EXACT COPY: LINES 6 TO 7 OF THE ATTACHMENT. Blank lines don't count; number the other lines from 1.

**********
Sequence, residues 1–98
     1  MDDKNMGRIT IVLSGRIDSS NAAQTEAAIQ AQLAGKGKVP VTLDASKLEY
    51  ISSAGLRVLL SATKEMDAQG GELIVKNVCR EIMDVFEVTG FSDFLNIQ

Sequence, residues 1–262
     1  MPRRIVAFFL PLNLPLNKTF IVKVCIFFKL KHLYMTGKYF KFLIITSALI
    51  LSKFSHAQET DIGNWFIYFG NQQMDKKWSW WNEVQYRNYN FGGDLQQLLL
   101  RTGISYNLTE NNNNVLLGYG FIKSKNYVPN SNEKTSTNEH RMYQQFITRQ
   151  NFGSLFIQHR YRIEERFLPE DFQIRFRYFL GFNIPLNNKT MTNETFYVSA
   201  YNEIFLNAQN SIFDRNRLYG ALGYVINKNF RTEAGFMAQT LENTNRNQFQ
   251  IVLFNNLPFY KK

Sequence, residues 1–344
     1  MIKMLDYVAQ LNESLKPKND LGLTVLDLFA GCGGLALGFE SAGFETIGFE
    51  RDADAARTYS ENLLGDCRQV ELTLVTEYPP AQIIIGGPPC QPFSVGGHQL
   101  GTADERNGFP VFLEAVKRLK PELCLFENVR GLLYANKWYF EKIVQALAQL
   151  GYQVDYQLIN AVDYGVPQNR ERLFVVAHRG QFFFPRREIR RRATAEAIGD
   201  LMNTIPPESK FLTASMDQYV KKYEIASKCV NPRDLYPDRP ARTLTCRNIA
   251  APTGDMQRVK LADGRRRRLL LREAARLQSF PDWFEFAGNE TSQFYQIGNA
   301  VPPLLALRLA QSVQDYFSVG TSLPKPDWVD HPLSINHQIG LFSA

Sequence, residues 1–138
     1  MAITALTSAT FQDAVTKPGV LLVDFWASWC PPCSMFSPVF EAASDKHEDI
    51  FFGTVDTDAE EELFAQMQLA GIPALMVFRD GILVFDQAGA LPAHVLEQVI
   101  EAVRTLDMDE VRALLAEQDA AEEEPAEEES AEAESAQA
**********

    51  LSKFSHAQET DIGNWFIYFG NQQMDKKWSW WNEVQYRNYN FGGDLQQLLL
   101  RTGISYNLTE NNNNVLLGYG FIKSKNYVPN SNEKTSTNEH RMYQQFITRQ